Reading at bedtime helps children become better dreamers
Why is bedtime a customary time to read stories with children? Even in the days before the printing press, at night, our ancestors would gather around fires and tell stories before falling asleep. Why at that time?
In his now famous studies, Canadian neurologist Wilder Penfield found we humans have a pressing and biological need to dream. Penfield designed an experiment where his research subjects were denied the chance to dream: just at the moment they began to exhibit signs of dreaming (signaled by rapid eye movement or “rem sleep”), they were woken up. The results? When prevented from dreaming, Penfield’s research subjects became confused and psychotic. Indeed, Penfield had planned to conduct his research over a month but after a week, the behavior of the people he was observing became so bizarre and potentially injurious to themselves that he was obliged to break off the experiment.
If we have a biological need to dream, then what is it we need to do when we dream? The answer can be found in, of all places, James Barrie’s Peter Pan. Children’s waking lives, Barrie observes, are full of miscellaneous events: the “first day at school, religion, fathers, the round pond, needle-work, murders, hangings, verbs that take the dative, chocolate pudding day, pulling out your tooth yourself, and so on.” When the young fall asleep and dream, this miscellany is converted into stories — for example, about “coral reefs and rakish-looking craft in the offing, and savages and lonely lairs, and gnomes who are mostly tailors, and caves through which a river runs, and princes with six elder brothers, and a hut fast going to decay, and one very small old lady with a hooked nose.”
We shape that jumble of our lives into more coherent and orderly stories.
Dreams, in other words, are the result of a biological need to make sense of our lives and we do so in two ways. We shape that jumble of our lives into more coherent and orderly stories. And we take up the issues and events of our lives by means of analogies: for example, a child concerned about selfish siblings may dream of dragons guarding treasure chests.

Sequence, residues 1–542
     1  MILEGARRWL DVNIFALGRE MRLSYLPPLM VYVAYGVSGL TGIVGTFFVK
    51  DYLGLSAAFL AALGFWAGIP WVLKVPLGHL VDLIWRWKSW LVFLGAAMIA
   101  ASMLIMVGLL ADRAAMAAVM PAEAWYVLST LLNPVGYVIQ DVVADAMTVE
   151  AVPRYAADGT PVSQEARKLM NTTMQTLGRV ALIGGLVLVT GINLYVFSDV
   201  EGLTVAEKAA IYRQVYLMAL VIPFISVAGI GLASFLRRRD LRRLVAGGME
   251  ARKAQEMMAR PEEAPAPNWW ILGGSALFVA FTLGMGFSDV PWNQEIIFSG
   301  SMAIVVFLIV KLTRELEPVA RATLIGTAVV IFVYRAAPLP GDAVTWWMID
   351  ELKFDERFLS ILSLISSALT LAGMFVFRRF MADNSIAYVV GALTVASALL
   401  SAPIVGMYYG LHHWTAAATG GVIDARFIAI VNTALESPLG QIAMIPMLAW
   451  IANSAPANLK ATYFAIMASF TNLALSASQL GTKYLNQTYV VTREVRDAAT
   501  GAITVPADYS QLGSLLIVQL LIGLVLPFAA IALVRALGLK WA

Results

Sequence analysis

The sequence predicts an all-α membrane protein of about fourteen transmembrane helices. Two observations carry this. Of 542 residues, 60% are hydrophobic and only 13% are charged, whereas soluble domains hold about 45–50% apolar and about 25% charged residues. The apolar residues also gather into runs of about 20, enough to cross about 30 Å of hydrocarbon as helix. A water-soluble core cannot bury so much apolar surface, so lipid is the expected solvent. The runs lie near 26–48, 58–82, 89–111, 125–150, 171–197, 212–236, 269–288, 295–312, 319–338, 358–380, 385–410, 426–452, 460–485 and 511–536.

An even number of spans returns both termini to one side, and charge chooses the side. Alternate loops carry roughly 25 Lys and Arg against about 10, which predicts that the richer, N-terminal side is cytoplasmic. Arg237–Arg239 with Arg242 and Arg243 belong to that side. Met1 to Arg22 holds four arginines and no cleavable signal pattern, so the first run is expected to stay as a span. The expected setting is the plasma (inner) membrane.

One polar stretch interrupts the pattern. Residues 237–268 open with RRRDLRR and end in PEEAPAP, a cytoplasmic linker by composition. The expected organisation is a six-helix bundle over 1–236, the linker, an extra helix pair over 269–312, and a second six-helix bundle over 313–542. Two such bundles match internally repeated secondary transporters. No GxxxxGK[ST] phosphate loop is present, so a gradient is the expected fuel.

Here is precisely the reason why bedtime is a terrific time to take up stories. Understood in one way, books amount to instructions in dreaming: in their fictional story-making and analogies, they replicate or exemplify what dreamers do. But besides offering models of the technique of story-making, reading at bedtime can also provide the young with ideas, characters, and plots that they can subsequently use when they fall asleep so that their dreams are more vivid and more organized, and thereby more satisfying. Reading at bedtime helps children become better dreamers.
As adults know, we sometimes wake exhausted in the morning after a restless night of jumbled and chaotic dreams; then we didn’t get a “good night’s sleep” At other times, after a night of satisfying dreams where all the loose ends are tied up, we awake refreshed and ready to take on the day. Anyone who has talked with children about their dreams knows that the same is true with them.
This, then, is the reason, why bedtime is a terrific time to take up stories with children. At night, when we dream, we are all more or less creative writers–some good, some bad; some skilled, some amateurish. Reading with children at bedtime helps them become “better writers” when they dream. This effort to make sense of our lives in nocturnal storymaking, Penfield’s experiments demonstrate, is absolutely essential to our health and well being. Reading with children at bedtime helps them do a better job at this and brings those benefits Penfield describes.
One of the striking things about children’s picture books is how often the story takes place at bedtime or concerns falling asleep. (How many adult books can you think of that pay special attention to that moment of our lives or that address, for example, how scary it can be when going to bed by yourself?) Among the very young, my favorite bedtime book remains Goodnight Moon. With the slightly older child, I recommend Randall Jarrell’s haunting Fly by Night which tells the story of David who flies in his dreams and describes what he sees.
Perhaps the best book for older readers on the topic of sleeping and dreaming is Joanna Spyri’s Heidi. When the little girl comes to her grandfather’s alpine cabin, she especially chooses a place to sleep and makes a nest for herself in the hay in grandfather’s attic. There she sleeps contentedly until she is forced to relocate to the city of Frankfurt. Heidi’s troubled time there is revealed by what psychologists call sleep-and-dream disorders: every night she sleepwalks. Fortunately, however, she is returned to her beloved Alps and her grandfather, and once more dozes contentedly in her attic nest.
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